May 31, 2019
Unless your writing life is entirely hermitic, you likely have someone you can turn to for help and support. It may be a friend, a family member, an agent, editor, publisher, or a fellow writer. It must be someone you trust. In my case, my wife is critically important to the creation of my novels. I simply could not write or publish without her, she brings so many talents to the process.
From the moment an idea for a story takes root in my brain (which I then immediately discuss with her) she is intimately involved, offering thoughts and comments and ideas, some of which may get incorporated into the work. She has a well-developed imagination, and we have had many productive “what if” discussions. What if a character did this or that, what if the plot took this twist or that turn, what if I helped out more around the house? But I digress.
I will often read aloud to her the results of a day’s work. This has value because of her reactions to what I’ve written (as a future reader might react) and because hearing the words offers a different perspective on the examination of what I’ve done.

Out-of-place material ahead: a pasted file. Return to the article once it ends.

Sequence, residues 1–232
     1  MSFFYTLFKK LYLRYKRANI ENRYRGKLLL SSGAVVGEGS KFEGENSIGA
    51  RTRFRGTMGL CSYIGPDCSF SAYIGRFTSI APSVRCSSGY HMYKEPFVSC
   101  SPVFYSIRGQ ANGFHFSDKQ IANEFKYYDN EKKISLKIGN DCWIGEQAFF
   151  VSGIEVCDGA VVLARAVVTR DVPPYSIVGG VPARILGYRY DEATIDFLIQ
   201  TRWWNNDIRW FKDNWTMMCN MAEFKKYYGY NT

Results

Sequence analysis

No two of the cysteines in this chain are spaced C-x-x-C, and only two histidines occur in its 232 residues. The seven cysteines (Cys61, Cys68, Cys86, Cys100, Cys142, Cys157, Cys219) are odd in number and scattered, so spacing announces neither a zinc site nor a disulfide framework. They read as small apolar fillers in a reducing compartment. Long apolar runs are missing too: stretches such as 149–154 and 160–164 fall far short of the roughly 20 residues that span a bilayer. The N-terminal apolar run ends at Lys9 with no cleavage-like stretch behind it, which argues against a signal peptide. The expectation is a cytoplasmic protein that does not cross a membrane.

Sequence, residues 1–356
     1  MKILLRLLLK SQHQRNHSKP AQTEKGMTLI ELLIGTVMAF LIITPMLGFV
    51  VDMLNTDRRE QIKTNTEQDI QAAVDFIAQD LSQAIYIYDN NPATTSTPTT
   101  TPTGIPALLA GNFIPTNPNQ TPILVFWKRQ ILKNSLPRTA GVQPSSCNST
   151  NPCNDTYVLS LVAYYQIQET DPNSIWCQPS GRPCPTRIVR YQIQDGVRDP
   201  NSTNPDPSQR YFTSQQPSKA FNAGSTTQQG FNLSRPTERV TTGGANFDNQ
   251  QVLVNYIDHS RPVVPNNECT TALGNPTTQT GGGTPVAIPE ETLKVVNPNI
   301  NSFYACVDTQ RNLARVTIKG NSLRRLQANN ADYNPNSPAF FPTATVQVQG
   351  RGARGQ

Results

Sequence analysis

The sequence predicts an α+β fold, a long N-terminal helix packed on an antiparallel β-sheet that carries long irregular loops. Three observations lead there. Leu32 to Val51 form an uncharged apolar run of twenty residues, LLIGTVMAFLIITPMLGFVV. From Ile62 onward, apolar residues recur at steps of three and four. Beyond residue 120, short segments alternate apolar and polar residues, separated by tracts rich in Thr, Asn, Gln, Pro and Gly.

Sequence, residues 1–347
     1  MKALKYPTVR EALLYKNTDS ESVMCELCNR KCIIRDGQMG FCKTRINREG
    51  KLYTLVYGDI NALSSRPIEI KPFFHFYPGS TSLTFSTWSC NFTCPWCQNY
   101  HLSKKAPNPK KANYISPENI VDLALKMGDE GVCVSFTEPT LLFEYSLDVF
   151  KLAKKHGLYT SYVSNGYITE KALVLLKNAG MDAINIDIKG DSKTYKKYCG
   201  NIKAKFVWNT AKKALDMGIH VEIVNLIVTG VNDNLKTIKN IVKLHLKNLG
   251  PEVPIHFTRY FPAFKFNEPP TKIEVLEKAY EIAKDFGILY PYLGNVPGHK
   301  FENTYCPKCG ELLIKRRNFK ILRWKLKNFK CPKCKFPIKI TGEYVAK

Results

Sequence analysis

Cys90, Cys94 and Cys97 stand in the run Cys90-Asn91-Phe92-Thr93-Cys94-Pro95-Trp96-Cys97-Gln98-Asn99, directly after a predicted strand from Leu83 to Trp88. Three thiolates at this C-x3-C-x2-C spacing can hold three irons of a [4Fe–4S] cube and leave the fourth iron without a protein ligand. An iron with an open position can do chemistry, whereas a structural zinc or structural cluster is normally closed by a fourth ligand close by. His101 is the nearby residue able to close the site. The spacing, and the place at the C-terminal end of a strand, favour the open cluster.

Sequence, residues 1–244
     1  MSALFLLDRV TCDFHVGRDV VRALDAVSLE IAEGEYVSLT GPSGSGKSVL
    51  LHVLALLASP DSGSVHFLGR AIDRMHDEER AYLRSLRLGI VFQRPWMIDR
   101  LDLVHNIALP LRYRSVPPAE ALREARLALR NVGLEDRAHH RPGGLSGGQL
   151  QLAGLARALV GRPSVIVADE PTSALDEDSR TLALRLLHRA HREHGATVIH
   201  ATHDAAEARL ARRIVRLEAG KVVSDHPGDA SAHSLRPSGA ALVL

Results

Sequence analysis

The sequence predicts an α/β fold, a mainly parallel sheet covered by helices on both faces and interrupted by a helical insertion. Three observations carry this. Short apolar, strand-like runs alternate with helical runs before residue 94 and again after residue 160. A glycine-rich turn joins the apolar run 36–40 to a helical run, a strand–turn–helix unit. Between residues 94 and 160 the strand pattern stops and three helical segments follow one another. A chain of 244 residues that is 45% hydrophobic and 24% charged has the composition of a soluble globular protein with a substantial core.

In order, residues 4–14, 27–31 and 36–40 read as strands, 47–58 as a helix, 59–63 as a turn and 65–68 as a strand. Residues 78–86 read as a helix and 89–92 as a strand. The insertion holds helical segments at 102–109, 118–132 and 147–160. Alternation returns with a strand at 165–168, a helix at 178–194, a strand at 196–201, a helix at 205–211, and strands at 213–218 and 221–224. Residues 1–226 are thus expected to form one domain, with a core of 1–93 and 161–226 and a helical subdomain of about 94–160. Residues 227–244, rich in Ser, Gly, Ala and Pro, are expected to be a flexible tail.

I write cursively (in a notebook with a fountain pen for anyone interested in that level of detail). I am a hopelessly inaccurate one finger hunt-and-pecker on a keyboard, but my wife claims she actually enjoys typing and I am keen to believe her. Could there be any happier coincidence?
After months of scratching away at the typed manuscript she enters the corrections and helps me to proofread the result. I abhor proofreading so any help I can get makes me happier than cancelling a visit to the dentist. When the manuscript is as clean as we can make it, she formats it for independent publication (uploading to Amazon, Kindle, etc.). She also designs the covers from scratch and does a beautiful and completely professional job. She tends to the promotion of the books on various websites and on social media.
All of these tasks she performs willingly and with great diligence. Everything she does involves the use of computers which I confess are beyond my near-Luddite levels of expertise. I can manage an email account and search for information on the internet, but my technological skills are then exhausted. If any thing goes wrong I’m left staring at my laptop with a crazed, near homicidal look on my face, and whining, “Honee…”
The most important and valuable thing she does for me is to provide moral and spiritual support. She believes in me and in what I write, and that is priceless.
This is Jenine, the lady in question.